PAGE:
5. Tomas Alfredson, based on the quality of his first two features, deserves immediate consideration as perhaps the classiest, most distinct new filmmaker of the past decade. Many will see Tinker, Tailor, Soldier, Spy and claim tedium or a lack of significance, based on Alfredson's deliberate pacing and disinterest in providing readily identifiable signifiers to "pay attention now." Much looser, sprawling, and impeccably timed for subtle revelation, especially in virtuoso performances from Gary Oldman, Tom Hardy, and John Hurt, the inquisition-style narrative, based on John Le Carre's novel, recalls and updates The Third Man's post-war sense of chaos and corruption for the 21st century's fascination and near-obsession with conspiracy and suspicion of governmental agencies and appointed officials. Instead of sensationalizing these impulses, Alfredson gives George Smiley (Oldman) the diegetic wherewithal to align these allegorical postulations, a man detached and calm, calculated and almost post-human, were it not for glimpses of humility and empathy towards his ratted-out comrades and lost love-affairs. Classical but contemporary, Alfredson isn't making a period piece for a bygone era - he's speaking to contemporary anxieties with the nerve and precision of a great, refined filmmaker.
4. I was certain it would happen someday; A filmmakers has finally made a contemporary, near-equivalent to John Carpenter's Assault on Precinct 13 - that someone being Joe Cornish, whose writer/director debut Attack the Block amicably demonstrates his flair for minimalist depth, utilizing the cinematic medium nearly as centrally as he places genuinely emotive characters, whose camaraderie is rooted within a discernible sense of the social real, but tinged with a proclivity for genre archetypes. Even sharper, using teenagers who're dropped into an adult narrative, Cornish deftly negotiates a terrain between Goonies-like adolescent bait and hard-edged affect, stylish and genuine. Listen to Cornish's ear for a minimalist synth-score as an accompanyment to his stripped down, but crystal-clear humanist ethos. Flippant viewers will try and pinpoint a Spielberg lineage, but Cornish's terse style never bogs down in sentimentality, staying true to its we-don't-give-a-fuck protagonists.
3. A recent trend towards so-called “sociopath porn” in indie cinema is undeniable, as debut feature filmmakers begin satiating their infatuations (and dissatisfactions) with societal division and trauma, while leaving a distinctive formal mark. Sean Durkin’s Martha Marcy May Marlene, however, transcends any of these potential trapping by taking a page from cinematic greats like Bergman, Polanski, and Altman, all of whom exist somewhere in Durkin’s deliberate, elliptical provocation. Durkin does not intend to valorize the ugly, the poor, the geographically "imparied" (to explain poverty-porn critical hits like Frozen River, Winter's Bone, and Precious, all of which received a Sundance stamp of approval). It takes sly aim at not simply class (the aforementioned films are not about "class struggle," but the exploitation of class to assuage liberal, humanist anxiety guilt), but the deeper-rooted tenants of exploitation: ideology.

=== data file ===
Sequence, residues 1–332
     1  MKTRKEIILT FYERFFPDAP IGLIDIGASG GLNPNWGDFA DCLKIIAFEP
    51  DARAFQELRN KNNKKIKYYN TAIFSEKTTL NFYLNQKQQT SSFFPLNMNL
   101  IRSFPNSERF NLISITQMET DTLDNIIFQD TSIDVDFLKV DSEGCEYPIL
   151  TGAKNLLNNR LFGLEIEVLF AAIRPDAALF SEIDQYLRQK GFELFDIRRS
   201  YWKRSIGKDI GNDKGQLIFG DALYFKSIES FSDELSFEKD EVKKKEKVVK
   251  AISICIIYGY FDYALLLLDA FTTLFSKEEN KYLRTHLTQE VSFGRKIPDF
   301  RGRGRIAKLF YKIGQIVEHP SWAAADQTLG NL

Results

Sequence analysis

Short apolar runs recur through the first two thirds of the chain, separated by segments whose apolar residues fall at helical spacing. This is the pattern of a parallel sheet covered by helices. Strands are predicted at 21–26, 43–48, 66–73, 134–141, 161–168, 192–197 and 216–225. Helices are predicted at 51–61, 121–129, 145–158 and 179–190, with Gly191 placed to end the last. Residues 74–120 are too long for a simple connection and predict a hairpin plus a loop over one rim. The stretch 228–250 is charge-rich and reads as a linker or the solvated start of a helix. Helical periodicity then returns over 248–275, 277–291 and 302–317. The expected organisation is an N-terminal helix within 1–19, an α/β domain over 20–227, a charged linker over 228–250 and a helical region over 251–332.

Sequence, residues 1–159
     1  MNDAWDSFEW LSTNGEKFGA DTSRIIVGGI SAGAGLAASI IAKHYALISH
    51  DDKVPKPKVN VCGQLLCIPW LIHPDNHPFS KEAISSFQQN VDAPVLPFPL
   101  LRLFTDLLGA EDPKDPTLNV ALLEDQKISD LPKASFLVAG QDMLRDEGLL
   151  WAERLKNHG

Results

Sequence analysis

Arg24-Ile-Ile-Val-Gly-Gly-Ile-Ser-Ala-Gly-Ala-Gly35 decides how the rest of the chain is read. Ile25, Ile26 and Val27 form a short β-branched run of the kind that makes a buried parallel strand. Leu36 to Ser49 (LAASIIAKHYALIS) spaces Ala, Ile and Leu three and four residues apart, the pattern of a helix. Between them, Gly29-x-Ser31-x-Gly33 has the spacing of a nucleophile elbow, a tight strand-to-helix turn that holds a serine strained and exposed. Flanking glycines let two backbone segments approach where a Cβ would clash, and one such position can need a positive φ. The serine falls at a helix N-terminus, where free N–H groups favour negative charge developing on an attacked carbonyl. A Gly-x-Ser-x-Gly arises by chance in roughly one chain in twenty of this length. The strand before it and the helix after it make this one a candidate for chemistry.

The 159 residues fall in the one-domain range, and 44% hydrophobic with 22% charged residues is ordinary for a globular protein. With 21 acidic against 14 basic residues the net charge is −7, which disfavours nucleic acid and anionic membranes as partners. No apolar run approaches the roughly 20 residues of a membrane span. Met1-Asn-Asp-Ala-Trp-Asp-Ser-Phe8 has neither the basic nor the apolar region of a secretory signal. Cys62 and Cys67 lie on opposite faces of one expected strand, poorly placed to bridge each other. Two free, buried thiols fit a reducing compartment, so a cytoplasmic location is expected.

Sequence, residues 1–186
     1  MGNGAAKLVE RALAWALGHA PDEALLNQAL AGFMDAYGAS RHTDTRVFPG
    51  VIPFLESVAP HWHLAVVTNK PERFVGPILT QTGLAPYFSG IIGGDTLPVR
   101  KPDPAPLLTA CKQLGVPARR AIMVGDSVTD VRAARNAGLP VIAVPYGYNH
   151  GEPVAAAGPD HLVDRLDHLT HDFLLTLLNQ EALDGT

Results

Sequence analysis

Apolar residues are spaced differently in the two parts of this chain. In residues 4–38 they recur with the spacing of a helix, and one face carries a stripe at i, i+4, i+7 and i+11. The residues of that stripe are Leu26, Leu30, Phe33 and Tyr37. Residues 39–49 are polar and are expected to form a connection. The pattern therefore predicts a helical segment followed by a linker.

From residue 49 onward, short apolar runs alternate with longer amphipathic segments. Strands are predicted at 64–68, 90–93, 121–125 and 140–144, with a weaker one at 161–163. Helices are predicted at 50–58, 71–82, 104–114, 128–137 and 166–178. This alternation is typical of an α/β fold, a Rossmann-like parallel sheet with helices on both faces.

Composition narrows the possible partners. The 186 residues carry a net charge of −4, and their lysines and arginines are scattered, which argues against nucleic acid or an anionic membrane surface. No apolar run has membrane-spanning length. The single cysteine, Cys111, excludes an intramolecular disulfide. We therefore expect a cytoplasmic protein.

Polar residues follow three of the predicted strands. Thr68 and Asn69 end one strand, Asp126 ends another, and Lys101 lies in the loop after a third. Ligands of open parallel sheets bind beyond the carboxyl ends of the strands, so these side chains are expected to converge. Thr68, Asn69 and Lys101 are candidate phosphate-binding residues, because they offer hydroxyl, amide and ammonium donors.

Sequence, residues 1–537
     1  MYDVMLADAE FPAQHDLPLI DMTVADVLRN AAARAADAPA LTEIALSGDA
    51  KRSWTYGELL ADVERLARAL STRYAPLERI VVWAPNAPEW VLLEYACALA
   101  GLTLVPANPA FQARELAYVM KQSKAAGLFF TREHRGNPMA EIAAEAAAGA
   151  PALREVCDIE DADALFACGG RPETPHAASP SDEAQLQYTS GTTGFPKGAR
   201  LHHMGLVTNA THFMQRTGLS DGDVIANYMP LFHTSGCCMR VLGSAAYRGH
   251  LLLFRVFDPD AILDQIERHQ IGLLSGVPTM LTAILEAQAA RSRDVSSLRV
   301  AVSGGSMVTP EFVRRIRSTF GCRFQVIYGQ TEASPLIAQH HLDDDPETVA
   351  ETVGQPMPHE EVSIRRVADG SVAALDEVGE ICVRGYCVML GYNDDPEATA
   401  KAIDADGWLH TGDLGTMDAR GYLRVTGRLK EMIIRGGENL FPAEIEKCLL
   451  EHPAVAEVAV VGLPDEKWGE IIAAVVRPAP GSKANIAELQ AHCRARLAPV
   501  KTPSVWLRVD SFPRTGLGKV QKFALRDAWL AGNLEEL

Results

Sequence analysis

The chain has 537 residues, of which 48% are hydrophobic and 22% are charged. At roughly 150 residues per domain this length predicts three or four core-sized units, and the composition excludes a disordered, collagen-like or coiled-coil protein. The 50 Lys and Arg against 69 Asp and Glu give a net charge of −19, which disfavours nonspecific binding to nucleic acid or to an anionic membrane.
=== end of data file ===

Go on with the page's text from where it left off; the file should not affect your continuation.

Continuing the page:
2. Like many of the characters in Drive, director Nicolas Winding Refn’s hands are dirty; honing a reflexive postulation of the postmodernist hero while infusing pop art gravitas via neon flared mise-en-scene, tracks by Kavinsky, College, and Desire, and an original score by the great Cliff Martinez, Refn’s fetishistic modus operandi blatantly flaunts moral consideration for aesthetic nihilism: beautiful, horrifying, and deranged. It’s a vision to rival the sure-handedness of cinema’s greatest “underbelly” filmmakers (Kubrick, Lynch, Ferrara), made lithe and piercing by Ryan Gosling’s adolescent, violent love, Carey Mulligan’s meet-cute vulnerability, Oscar Issac’s bittersweet machismo, and Albert Brooks’ hardened cynicism. Rather than using genre for product, Refn’s film is an ambiguous step-forward into the abyss of implosive hyperreality, where character, actor, and motivation become indistinguishable. Is Drive critiquing these impulses or engaging them? Like any great work of art, the ends aren’t so readily perceptible, and the polemics remain bubbling and intimating, rather than overt.
1. What is great filmmaking, a lucid envisioning, at its core, if not a wholly personal endeavor? Positivists may try to downplay or negate Malick’s affectual output through a rationalization of nostalgic tendencies, anchored by sentimental melodrama – but these images are irreducible and impressionistic, not trite or manipulative. In fact, by beginning with the micro story of a single, fractured family in 1950’s Waco, Texas, and projecting their uncertainties towards the cosmos, Malick fuses silence, movement, music, and scale – lingering, while he never stops plowing forward. The Tree of Life is fleet and determined in its pacing; time keeps moving, which reveals the unrefined perceptions of critics and viewers who deemed it “ponderous,” pretentious,” and, worst of all, “uneven.” A rebuke to conventional filmmaking, storytelling, and structure, Malick manages to evade simple nostalgia by complicating subjectivity, never wholly forthright about exactly why or how the images come forth, and comes staggeringly close to a truly profound postulation on life lost, memories muddled, and the medium through which one may try to resuscitate them.
NOTE*** Due to my own negligence, there are several films I suspect I would like/love that I have not yet seen. Among them are A Dangerous Method, A Separation, Pina, Margaret, Mysteries of Lisbon, and Pariah. Once I see them, I will update the list accordingly, if necessary.
BEST DIRECTOR: Terrence Malick, The Tree of Life
Runners-Up: Nicolas Winding Refn, Drive & Tomas Alfredson, Tinker, Tailor, Soldier, Spy
BEST ACTRESS: Tilda Swinton, We Need to Talk About Kevin
Runners-Up: Charlize Theron, Young Adult & Rooney Mara, The Girl With the Dragon Tattoo
BEST ACTOR: Gary Oldman, Tinker, Tailor, Soldier, Spy
Runners-Up: Michael Shannon, Take Shelter & Antonio Banderas, The Skin I Live In
BEST SUPPORTING ACTRESS: Jessica Chastain, Take Shelter
Runners-Up: Hayden Panettiere, Scream 4 & Pollyanna McIntosh, The Woman
BEST SUPPORTING ACTOR: Brad Pitt, The Tree of Life
Runners-Up: Nick Nolte, Warrior & Albert Brooks, Drive
BEST SCREENPLAY: Joe Cornish, Attack the Block
Runners-Up: Pedro Almodovar, The Skin I Live In & Jeff Nichols, Take Shelter
WORST FILM: The Adjustment Bureau
Runners-Up: The Artist & Bucky Larson: Born to Be a Star
Films I haven't seen that are getting awards buzz and I suspect I would hate them: Extremely Loud & Incredibly Close, War Horse, The Iron Lady, and Albert Nobbs.